Silent Suffering


Matthew Wohlert

At the age of eight, Ryan W. was diagnosed with petit-mal seizures. Even though the seizures lasted seconds, the memory would last forever.

Ryan A., Editor-in-Chief

A seizure is a sudden burst of uncontrolled electrical activity between brain cells. Though seizures may only last seconds, the experience lasts a lifetime. 

For 8th grade student, Ryan W., this was exactly the case. 

“I first had a seizure when I was about 8 years old. I had just finished playing wiffle ball outside with my brothers. And that’s when it happened,” said Ryan. 

After this occurrence, he thought that this was just a twitch or some type of spasm. Little did eight-year-old Ryan know that it was much more complex than that.

“[The seizures] happened again, and then again.”

“It felt like I was taking a nap. I remembered waking up, but I did not remember falling asleep.”

— Ryan W.

“It felt like I was taking a nap. I remembered waking up, but I did not remember falling asleep.”

However, Ryan’s parents had not known that he had experienced his seizures.

“One day my dad was telling me to go do something while I was having a seizure. He had been so furious with me after because he thought I had not been paying attention to him!” 

Ryan had no idea what he was going through, so he could not verbalize his seizures, since he did not know that they existed.

“After about 2 weeks, my parents started noticing. My mom is a doctor, so she quickly started to [understand] what was happening.”

To keep track of his seizures, Ryan had to get a blood test every three months, and an EEG every six months. An EEG (Electroencephalography) is a test that detects abnormalities in brain waves or in the electrical activity of the brain. These tests range from about 20 to 40 minutes.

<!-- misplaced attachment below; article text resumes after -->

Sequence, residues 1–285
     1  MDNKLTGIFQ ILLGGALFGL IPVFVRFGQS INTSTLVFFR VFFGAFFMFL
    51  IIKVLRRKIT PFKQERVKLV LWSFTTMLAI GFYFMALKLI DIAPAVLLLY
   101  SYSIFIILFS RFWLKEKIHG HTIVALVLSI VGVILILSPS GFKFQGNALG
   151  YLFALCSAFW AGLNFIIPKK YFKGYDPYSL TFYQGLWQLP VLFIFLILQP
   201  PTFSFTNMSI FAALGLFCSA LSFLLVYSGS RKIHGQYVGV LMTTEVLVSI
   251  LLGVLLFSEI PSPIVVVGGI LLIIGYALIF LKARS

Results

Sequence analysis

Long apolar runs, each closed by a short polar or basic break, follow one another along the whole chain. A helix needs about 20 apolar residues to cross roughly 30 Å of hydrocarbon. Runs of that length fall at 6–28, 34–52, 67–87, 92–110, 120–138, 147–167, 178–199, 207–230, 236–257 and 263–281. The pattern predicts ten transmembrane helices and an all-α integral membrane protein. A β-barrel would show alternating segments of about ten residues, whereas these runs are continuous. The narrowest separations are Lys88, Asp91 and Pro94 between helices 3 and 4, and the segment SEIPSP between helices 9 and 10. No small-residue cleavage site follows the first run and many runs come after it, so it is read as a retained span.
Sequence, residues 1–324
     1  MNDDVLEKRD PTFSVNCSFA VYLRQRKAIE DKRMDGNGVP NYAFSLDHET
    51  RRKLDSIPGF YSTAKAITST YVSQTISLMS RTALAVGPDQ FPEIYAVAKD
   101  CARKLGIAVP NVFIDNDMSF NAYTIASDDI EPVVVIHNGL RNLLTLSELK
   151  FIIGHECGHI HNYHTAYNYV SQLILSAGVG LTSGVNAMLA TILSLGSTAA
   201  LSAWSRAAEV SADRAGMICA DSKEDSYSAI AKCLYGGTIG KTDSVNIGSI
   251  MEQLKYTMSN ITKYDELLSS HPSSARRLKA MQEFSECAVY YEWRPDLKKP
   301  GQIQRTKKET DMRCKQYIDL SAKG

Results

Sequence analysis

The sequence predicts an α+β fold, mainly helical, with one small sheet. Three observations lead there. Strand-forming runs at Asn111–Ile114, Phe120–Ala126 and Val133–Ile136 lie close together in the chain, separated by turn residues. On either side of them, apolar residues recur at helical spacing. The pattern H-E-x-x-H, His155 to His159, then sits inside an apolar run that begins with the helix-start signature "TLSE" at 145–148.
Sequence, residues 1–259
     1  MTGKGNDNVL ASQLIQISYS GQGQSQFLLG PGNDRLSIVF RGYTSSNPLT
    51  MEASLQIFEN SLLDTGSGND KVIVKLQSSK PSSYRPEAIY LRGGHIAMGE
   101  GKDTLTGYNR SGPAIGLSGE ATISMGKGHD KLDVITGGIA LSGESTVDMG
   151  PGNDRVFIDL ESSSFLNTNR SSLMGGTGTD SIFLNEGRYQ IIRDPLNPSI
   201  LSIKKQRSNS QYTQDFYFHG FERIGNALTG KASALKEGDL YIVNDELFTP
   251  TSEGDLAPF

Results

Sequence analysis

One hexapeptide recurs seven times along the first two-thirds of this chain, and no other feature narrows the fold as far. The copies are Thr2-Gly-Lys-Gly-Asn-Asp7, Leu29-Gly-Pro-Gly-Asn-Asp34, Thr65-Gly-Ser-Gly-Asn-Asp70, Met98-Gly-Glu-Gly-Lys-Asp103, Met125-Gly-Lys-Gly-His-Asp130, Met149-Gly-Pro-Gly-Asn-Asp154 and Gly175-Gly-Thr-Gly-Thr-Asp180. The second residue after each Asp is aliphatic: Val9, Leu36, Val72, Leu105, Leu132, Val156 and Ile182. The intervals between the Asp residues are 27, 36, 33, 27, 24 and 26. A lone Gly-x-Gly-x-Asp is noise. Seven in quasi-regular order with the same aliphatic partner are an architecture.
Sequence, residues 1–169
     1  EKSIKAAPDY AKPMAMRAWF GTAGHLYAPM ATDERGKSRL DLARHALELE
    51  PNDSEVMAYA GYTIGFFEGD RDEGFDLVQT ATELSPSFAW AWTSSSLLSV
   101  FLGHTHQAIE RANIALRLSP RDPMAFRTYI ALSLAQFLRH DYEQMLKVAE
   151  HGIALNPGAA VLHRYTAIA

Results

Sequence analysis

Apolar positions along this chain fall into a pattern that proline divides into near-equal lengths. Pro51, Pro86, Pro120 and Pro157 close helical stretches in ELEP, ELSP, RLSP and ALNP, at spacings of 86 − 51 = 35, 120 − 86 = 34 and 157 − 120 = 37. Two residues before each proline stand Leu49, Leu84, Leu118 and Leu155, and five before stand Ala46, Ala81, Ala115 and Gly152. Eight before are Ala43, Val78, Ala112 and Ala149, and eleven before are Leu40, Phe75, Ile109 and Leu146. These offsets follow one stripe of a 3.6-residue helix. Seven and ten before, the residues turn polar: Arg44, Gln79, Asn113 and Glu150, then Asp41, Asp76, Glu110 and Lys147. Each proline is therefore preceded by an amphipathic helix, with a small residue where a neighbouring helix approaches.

“I had to take a medicine called Depakote. The amount [fluctuated]. At one point, I was taking seven pills a day.” 

Since the seizures would happen up to four times daily, Ryan slowly lost focus during school. 

“Shortly after I started experiencing the seizures, I noticed that my grades were slowly dropping. I had always been a good student, and I paid attention in class, but my grades kept dropping. One day I had a seizure while I was answering a question in class. It was really embarrassing since no one knew what was going on.”

For Ryan, he could not have done anything about his condition. His seizures would happen randomly, seemingly out of nowhere. 

“My longest seizure was around 10 seconds,” said Ryan.

Not only did he struggle in the classroom, but he also had major problems with other daily activities as well. 

“I was forced to quit baseball. I really loved the sport, but I was having too many seizures to continue. It was one of the saddest days of my life.”

However, most of the time the seizures are not permanent, so all Ryan had to do was be patient and keep taking his assigned dosage.

“Even though the medicines stopped me from having seizures, the side effects were almost as bad. I would get drowsy, and my energy level was low. I would also eat way more than usual. [It was] like a secret life I had. Besides my friends and family, no one knew. The anxiety I felt was almost too much to bear. I did not say a word. All I did was pray and ask God to cure me.”

Ryan was told that if he had no episodes for two years, he would be taken off the medicine. At that point, it was likely that he was done having seizures.

Once two years passed, Ryan had to have one last EEG to see if the seizures were still there. Thankfully, the doctors found no seizures inside his brain. Ryan was seizure-free.

“Throughout all of the troubles I faced, one thing I did get out of it was my trust in God. He is the one that got me through the tough times. I was in so much relief when I heard the news, that I did not even show any emotion. It was like I finally made it home after a seven-hour drive!”